Letter to the Editor 4 – Issue 11

Letter+to+the+Editor+4+-+Issue+11

Turner Stulting

Dear President Bravman,

 

First, I would like to thank you for attending the Solidarity Ceremony and for your continued support of students’ efforts to better Bucknell. I believe many feel that you are truly dedicated to improving the experiences of minority students on our campus. However, I regrettably do not feel the same.

 

As a transgender student, I do not feel safe or welcomed at Bucknell. Even prior to the incident on Yik Yak last Thursday, my experience as a Bucknellian, both inside and outside of the classroom, was being compromised because of my identity. Since seeing that post on the anonymous app, my feelings of fear and isolation have dramatically increased. My social, extracurricular, and academic lives have all been impacted in ways that I fear are beyond recovery.

 

I appreciate having the agency to make my own decision about whether or not to open an investigation regarding this attack. However, resolving the situation will not resolve the larger issue of transphobia. I do not want to open an investigation because I know that even if we were able to identify and perhaps expel the student, things will not change for me. I will still face the same feelings I have now and those I had prior to the threat. Since the three students were expelled for the WVBU incident, I’ve seen many adapt to the mentality that they do not have to change what they believe, but rather ensure they do not get caught. I fear that opening an investigation will further perpetuate this problem.

 

I have been sincerely disappointed to open two school-wide emails from you since this violent threat, with no mention of the transphobic incident other than a vague reference in the first email. You have been committed to combating racism and by naming it as such, you have been validating the experiences of those adversely impacted by racism. By labeling everything else as broader issues of discrimination, you are diminishing the experiences of transgender students, queer students, religious minority students, disabled students, and working-class students, among others.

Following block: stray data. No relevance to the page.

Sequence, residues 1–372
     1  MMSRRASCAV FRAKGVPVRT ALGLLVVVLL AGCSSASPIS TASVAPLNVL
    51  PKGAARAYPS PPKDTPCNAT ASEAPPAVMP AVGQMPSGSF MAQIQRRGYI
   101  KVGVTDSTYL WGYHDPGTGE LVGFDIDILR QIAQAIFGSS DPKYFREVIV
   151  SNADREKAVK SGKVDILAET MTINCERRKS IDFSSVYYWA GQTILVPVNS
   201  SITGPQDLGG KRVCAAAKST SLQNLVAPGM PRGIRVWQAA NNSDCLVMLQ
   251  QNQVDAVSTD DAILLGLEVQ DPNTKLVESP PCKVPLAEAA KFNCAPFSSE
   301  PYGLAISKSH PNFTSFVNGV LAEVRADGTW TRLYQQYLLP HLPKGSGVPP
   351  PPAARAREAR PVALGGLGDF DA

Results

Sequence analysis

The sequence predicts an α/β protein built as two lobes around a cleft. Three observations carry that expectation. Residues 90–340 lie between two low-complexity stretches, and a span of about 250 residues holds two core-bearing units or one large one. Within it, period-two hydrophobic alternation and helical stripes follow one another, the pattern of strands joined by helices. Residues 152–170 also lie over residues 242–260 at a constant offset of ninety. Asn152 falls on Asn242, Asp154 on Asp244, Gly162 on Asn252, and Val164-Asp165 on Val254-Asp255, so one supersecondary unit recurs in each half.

If you want to truly, as you wrote, “make Bucknell an inclusive home for all members of our community,” you need to take yet another step and acknowledge the deeply ingrained issue of transphobia to the broader Bucknell community, as made evident by this recent threat. Making the attack known to the entire campus will by no means resolve the issue, but it will make clear that both you and the institution support transgender students and are dedicated to improving our Bucknell experience.

 

As my remarks on Tuesday evening said, I am not in a place right now to stand up for myself and am asking others to stand up for me. As president of Bucknell University, you have the power to do just that.

 

In Solidarity,

Turner Stulting

 

 

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